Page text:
Three Billboards Outside Ebbing, Missouri Review


Three Billboards Outside Ebbing, Missouri Movie PosterA grieving mother spurs her community to action in Three Billboards Outside Ebbing, Missouri.

Everyone knows that few things are as risky as coming between a mother and her offspring. It’s a lesson that’s every bit as true in civilized society as it is in the wild. Mildred (Frances McDormand) is one small-town example where the term “civilized” gets lost in the emotional chaos of unfettered anger, obstinance and determination. Mildred’s only daughter was brutally raped and murdered. In the seven long months since the crime, the local police seem devoid of any clues as to her daughter’s assailant. The torturous experience leaves Mildred every bit as dangerous as a provoked grizzly, but one with a cunningly devious plan.

Writer/director Martin McDonagh (In Bruges and Seven Psychopaths) weaves a captivating, unrelenting tale that takes no prisoners. This is a film that stares you calmly and coldly in the eyes just long enough to distract you from a firm punch to the gut. The real surprise is how quickly we jump back up to willingly absorb more of the same. McDonagh’s rich cast of quirky characters instantly command your rapt attention. They’re every bit the kind of people whom you love to hate and hate to love. This offbeat dark comedy boasts several unforgettable performances, including Woody Harrelson as the annoyed local sheriff and Sam Rockwell as his dutiful but dimwitted deputy. Playing a minor role, Peter Dinklage does a great job of nearly stealing the show with one perfectly timed punch line after another.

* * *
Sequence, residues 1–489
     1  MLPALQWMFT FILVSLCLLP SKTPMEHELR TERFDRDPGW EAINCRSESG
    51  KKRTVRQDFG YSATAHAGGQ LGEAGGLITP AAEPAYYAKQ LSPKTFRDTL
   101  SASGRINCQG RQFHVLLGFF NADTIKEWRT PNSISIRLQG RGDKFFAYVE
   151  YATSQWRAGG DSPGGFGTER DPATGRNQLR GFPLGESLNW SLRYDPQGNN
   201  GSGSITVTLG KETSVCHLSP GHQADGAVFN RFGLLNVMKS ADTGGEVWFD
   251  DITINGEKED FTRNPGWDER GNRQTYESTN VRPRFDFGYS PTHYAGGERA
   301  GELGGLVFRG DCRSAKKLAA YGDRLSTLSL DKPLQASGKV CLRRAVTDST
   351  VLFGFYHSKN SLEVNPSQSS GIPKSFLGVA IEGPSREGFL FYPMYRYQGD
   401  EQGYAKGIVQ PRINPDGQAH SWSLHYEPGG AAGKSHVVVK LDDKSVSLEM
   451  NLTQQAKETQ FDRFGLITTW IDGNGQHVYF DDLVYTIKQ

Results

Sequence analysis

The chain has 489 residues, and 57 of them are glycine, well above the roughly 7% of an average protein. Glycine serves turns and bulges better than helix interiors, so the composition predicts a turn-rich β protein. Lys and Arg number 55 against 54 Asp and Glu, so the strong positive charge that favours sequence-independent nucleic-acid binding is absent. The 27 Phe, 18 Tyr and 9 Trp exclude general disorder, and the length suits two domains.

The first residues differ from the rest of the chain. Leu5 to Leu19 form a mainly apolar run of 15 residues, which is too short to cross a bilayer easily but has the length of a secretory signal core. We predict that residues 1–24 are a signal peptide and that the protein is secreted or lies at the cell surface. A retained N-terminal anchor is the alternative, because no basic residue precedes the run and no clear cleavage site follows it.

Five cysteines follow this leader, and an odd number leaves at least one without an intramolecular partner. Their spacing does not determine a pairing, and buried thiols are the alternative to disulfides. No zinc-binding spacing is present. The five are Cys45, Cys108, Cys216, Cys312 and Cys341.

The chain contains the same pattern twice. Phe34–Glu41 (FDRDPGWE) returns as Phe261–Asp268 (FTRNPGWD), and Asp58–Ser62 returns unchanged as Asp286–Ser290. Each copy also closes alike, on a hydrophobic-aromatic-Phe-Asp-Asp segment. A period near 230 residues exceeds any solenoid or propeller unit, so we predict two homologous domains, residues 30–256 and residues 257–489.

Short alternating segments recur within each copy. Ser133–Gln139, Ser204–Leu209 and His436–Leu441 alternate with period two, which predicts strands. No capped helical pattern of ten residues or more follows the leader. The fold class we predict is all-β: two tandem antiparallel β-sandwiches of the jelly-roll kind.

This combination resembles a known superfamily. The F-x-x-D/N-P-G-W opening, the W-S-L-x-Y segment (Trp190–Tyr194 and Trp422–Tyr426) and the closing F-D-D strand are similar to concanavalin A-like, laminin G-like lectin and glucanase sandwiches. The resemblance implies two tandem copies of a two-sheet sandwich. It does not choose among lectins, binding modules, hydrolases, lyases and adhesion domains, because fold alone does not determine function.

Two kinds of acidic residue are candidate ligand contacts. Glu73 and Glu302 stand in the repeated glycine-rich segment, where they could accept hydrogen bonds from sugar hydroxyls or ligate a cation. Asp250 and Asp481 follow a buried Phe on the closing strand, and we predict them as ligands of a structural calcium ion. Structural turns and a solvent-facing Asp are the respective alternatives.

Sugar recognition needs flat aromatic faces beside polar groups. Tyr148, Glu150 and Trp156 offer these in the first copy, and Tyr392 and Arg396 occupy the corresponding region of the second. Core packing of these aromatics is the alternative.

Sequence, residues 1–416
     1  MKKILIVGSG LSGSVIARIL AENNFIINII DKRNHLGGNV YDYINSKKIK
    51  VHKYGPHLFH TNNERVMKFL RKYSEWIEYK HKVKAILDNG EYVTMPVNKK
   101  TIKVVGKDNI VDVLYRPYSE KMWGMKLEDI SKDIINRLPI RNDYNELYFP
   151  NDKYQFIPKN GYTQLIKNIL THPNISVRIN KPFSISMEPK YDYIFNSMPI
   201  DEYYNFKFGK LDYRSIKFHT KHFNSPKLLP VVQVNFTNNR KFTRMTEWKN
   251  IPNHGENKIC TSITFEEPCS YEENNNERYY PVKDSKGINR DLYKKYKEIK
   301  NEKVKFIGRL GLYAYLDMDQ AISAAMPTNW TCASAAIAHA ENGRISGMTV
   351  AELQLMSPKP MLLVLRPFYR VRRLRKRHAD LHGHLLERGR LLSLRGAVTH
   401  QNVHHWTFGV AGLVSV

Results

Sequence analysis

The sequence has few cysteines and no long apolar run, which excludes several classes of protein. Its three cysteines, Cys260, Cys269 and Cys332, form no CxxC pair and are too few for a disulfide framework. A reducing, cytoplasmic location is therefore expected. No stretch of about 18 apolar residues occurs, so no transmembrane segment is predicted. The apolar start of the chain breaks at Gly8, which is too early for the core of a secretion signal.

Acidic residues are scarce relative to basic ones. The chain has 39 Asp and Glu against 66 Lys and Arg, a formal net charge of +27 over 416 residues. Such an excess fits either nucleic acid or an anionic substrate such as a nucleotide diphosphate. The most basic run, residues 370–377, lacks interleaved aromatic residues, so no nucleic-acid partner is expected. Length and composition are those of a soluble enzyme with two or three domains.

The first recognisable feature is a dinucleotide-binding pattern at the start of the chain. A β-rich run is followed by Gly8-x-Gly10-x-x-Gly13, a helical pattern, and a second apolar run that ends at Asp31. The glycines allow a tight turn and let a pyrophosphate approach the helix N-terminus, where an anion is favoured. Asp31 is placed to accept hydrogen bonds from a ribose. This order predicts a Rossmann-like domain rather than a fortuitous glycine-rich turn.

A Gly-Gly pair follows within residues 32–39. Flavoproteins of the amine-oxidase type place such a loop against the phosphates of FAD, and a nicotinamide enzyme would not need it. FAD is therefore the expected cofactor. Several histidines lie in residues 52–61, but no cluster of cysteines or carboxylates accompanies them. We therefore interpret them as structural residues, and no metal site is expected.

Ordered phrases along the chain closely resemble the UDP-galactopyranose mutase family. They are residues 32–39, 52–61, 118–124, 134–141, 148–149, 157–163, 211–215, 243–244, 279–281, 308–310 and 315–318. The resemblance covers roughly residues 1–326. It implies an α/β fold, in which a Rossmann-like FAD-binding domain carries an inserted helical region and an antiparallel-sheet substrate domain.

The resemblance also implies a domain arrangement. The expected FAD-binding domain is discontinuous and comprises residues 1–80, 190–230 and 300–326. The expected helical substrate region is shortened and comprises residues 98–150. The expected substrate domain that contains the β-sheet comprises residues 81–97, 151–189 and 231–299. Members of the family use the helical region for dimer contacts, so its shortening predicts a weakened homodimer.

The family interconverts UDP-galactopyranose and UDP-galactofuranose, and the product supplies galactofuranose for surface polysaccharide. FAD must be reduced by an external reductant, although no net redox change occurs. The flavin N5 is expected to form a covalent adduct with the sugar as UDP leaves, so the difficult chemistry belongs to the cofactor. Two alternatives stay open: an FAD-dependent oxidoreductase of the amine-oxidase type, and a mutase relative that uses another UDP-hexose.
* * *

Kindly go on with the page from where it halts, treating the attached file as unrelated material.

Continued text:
The film’s biggest trick is how effectively its plot takes us on a personal tour through deep, unexpected emotions. Just when you think that you’ve got it figured out, Mildred manages to sneak in another unexpected rabbit punch. It’s a brilliant story rife with brash intensity unlike any other film this year.

Three Billboards Outside Ebbing, Missouri Movie Shot


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